How I Felt Going to Boarding School….

I was so little when I went to boarding school. And most of my friends were as well.

When I look back on it, we all acted so brave. But if there was one wrong word or misstep, tears were at the ready. And that’s why I love this video so much. Because my whole childhood of going to boarding school and saying goodbye to my mom came back to me, but without pain. Just a lot of laughter. I don’t post this to be heartless, but because I relate with it so much! Happy Saturday!

Packages from Home – A Boarding School Story

boarding school package

Every day around noon time mail would come to our boarding school. This was a highlight of our day. In elementary school we waited until our house parents had the mail and called our names one by one to get our letters. In junior high and high school we would gather around the school office near the entrance of the building, where mail was sorted and put into little boxes. Mail was always exciting. Whether it was a plain envelope or a blue aerogramme it meant connections with the world outside of boarding school, connection with parents, with friends who had gone on furlough or left Pakistan, with relatives from the United Kingdom or United States, Sweden or Germany.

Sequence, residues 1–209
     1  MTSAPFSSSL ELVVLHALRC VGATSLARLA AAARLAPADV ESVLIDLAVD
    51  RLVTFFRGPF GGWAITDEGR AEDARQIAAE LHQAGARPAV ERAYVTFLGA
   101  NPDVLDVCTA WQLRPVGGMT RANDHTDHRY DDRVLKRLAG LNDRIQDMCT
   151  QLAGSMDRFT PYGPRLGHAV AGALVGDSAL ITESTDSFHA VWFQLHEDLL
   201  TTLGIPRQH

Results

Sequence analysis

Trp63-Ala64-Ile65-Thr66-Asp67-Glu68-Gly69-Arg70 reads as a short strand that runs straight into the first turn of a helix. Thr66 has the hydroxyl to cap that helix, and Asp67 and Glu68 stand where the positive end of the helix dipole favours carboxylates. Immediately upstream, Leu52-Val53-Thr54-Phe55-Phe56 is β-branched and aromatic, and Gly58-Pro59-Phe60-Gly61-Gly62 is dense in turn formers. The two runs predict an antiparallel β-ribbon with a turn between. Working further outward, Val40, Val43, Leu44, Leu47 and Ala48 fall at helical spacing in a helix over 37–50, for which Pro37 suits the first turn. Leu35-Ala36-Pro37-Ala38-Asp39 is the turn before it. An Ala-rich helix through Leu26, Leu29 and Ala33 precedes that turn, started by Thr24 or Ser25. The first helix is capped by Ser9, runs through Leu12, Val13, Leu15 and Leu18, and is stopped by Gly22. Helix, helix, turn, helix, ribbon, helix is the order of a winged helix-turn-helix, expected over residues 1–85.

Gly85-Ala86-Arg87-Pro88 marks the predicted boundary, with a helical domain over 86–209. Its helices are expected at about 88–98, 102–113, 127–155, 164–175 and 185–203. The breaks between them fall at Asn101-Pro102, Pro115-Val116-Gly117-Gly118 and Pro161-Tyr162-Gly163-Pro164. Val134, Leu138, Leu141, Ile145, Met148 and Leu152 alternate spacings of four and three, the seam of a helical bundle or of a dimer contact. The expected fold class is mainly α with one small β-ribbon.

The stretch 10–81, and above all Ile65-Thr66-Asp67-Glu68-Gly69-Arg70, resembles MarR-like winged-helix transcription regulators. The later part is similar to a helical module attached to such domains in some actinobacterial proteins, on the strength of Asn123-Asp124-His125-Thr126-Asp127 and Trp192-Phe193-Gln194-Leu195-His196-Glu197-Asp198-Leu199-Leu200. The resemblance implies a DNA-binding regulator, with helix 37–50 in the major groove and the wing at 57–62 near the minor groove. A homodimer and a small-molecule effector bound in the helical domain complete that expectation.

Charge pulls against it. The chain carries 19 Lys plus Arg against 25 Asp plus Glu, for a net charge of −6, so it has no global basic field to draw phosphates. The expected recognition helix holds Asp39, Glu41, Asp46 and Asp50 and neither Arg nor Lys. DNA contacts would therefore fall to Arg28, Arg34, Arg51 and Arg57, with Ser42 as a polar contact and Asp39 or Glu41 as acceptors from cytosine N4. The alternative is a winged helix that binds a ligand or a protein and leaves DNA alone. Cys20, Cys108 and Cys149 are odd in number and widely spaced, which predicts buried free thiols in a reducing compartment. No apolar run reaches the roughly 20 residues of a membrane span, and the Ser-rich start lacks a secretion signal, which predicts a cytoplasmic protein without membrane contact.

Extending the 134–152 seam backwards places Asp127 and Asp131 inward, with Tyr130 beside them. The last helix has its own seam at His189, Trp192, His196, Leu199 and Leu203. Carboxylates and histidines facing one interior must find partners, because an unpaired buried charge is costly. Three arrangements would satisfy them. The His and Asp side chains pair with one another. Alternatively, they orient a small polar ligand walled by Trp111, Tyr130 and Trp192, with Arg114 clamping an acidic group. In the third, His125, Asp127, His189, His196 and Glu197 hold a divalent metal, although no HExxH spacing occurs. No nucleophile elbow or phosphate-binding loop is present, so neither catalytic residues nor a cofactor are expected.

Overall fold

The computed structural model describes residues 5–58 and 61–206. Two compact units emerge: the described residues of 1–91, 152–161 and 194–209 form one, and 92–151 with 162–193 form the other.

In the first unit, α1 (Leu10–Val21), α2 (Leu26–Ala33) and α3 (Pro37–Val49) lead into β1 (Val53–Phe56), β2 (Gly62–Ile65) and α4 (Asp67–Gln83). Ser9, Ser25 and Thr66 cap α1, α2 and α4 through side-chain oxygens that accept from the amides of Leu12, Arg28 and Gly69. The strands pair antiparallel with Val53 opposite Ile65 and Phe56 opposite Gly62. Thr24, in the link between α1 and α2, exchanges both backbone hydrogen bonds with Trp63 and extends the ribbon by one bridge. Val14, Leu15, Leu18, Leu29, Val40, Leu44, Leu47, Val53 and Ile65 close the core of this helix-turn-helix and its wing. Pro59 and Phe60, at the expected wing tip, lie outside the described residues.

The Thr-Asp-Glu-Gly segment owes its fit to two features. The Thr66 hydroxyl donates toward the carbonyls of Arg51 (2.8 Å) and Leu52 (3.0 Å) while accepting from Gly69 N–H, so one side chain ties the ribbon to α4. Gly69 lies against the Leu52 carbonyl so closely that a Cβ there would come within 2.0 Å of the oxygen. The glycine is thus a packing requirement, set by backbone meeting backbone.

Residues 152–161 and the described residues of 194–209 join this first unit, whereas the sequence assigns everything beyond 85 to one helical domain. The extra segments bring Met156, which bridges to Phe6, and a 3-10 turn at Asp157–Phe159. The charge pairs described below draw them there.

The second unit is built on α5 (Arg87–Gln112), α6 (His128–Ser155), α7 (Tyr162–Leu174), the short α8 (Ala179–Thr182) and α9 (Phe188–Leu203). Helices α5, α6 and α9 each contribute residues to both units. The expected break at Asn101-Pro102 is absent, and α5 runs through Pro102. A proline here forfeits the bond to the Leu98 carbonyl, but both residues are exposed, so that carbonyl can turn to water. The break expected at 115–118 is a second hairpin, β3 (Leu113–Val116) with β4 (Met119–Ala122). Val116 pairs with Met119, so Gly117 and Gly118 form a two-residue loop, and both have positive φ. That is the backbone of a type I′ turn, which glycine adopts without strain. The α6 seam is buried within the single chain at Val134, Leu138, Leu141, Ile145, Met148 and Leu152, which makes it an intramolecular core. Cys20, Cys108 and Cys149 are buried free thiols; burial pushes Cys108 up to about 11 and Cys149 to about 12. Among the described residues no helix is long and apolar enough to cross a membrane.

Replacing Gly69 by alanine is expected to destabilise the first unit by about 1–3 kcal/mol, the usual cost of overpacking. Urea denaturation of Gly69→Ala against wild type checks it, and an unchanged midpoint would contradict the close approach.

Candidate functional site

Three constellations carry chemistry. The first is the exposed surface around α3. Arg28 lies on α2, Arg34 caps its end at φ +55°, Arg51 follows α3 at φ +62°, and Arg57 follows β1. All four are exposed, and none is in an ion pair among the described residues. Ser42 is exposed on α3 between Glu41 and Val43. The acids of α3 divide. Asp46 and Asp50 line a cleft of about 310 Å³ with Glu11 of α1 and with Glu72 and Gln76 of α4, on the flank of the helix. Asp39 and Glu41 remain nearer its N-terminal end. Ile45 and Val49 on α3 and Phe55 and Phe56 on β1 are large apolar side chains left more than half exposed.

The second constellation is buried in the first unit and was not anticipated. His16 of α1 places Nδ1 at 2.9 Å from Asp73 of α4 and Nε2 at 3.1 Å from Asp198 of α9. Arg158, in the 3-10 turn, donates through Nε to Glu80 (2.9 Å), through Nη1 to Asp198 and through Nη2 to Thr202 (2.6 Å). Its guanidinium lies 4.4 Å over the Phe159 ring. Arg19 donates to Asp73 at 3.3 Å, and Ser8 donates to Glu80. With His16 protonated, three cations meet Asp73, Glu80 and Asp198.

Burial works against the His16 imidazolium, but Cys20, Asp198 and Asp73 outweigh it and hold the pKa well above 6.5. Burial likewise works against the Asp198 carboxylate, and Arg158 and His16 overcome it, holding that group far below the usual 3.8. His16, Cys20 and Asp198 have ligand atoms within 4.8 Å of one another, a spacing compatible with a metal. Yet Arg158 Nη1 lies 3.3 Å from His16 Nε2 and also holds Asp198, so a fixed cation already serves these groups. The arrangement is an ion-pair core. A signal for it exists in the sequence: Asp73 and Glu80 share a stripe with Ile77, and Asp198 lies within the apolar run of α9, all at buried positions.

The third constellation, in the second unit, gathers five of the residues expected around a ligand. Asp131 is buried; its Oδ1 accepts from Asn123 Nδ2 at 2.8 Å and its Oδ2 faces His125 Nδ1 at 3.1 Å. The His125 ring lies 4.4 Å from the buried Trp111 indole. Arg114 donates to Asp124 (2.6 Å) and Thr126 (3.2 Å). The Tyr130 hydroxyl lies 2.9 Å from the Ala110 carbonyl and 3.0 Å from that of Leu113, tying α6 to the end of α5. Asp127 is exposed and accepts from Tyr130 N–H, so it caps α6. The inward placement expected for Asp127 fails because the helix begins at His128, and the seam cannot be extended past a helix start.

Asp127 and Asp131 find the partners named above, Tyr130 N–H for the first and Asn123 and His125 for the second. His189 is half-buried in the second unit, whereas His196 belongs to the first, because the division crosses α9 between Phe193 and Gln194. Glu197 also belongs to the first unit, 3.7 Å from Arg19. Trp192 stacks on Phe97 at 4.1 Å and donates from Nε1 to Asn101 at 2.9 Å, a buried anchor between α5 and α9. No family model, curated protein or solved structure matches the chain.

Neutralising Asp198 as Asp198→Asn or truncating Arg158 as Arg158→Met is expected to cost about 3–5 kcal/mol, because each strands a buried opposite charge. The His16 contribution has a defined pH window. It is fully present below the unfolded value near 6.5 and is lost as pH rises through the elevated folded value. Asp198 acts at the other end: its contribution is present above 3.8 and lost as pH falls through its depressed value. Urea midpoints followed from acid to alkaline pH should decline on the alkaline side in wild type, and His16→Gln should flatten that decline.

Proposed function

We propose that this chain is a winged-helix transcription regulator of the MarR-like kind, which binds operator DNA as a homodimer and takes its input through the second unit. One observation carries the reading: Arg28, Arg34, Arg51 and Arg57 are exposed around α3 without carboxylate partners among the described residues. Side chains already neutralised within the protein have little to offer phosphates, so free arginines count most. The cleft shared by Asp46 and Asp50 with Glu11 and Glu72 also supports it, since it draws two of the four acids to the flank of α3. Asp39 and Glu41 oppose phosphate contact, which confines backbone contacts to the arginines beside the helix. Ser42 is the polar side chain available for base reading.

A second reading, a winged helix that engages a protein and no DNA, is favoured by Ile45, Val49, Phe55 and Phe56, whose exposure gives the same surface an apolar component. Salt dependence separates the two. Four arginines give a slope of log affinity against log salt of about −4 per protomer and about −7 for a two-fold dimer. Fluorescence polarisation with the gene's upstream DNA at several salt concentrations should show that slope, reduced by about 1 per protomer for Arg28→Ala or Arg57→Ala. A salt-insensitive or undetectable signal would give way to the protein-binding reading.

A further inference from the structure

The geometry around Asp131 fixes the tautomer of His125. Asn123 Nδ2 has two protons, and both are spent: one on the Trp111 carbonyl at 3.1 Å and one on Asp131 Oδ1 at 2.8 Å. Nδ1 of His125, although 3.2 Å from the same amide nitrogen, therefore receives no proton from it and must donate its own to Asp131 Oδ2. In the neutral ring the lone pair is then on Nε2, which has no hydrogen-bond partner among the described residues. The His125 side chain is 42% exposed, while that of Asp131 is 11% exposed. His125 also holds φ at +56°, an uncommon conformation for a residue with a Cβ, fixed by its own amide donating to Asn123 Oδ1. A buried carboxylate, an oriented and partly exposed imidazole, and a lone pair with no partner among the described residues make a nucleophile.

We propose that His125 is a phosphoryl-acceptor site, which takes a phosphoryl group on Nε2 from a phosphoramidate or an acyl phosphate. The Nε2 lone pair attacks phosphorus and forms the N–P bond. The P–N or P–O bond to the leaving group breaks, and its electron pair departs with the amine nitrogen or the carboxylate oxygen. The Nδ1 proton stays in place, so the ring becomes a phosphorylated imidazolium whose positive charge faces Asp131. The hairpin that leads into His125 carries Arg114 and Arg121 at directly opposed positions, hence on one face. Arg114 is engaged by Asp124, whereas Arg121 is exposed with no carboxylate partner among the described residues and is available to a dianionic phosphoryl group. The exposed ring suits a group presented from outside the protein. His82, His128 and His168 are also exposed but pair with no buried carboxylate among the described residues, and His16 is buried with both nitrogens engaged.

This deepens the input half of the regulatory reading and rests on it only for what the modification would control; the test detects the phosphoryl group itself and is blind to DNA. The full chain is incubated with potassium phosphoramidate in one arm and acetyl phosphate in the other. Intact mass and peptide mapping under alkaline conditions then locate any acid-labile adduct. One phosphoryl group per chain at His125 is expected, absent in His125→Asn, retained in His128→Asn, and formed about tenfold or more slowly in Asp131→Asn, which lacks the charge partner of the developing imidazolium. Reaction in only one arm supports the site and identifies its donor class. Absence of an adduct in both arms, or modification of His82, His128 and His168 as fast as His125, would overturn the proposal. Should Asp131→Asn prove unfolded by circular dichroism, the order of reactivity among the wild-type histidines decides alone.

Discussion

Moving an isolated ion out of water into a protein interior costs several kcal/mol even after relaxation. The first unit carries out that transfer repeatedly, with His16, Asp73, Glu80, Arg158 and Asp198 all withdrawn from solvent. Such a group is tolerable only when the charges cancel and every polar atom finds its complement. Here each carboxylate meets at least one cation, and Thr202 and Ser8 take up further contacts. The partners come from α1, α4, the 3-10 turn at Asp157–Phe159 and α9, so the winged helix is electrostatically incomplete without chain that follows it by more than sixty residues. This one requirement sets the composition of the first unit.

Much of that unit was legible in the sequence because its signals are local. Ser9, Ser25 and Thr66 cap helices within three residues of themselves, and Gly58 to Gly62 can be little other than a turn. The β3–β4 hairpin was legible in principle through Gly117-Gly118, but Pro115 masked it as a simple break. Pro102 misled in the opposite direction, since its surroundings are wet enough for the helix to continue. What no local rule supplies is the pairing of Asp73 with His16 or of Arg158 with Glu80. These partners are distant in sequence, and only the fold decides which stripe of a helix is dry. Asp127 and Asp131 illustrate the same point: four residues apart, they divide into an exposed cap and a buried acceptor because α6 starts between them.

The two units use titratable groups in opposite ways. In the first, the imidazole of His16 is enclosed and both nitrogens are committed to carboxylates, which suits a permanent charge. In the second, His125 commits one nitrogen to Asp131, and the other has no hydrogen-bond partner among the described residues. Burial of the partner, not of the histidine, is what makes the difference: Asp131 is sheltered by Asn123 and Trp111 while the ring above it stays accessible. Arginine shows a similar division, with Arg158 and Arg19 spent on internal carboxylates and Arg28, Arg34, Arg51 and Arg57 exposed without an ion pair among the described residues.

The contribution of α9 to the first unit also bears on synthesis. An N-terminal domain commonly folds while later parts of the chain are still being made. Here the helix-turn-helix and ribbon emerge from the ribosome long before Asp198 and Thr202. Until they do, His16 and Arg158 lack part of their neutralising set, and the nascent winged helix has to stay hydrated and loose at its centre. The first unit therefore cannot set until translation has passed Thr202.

Three times a term packages would arrive from home for my brothers and me. They were always shoe-box size, wrapped in brown paper and tied with string, sometimes sealed with wax. I would rush to find a private space amidst a crowd to open this treasure.

I knew even before I opened it some of what it would hold.

There would be brownies – eight of them, separated into two layers. There would be lemon squares wrapped in wax paper and then reinforced with thick aluminium foil. There would be homemade cookies and fudge. Often a small jar containing homemade jelly or marshmallow fluff would be carefully wrapped in paper to keep the glass from shattering. It was a long, bumpy trip from upper Sindh in the southern area of Pakistan to the high mountains in the north where our boarding school sat surrounded by pine trees. And there was always, always a note from my mom.

As much as I wanted to keep the package by myself, at least for a little while, there are things you learn early in boarding school. Like the unspoken rule that you share your goodies with the popular kids. So I had to share with the popular kids, and then I wanted to share with my friend Nancy – she was my best friend. And then, well, there were the kids who never got packages from home and you really wanted to give them a bite or two.

Before you knew it, the package was gone. Gone as quickly as your mom’s face through the train window as you left for boarding school, your eyes straining to see her until the clouds of dust hid the platform from sight. Gone as quickly as your dad’s voice echoing from the platform.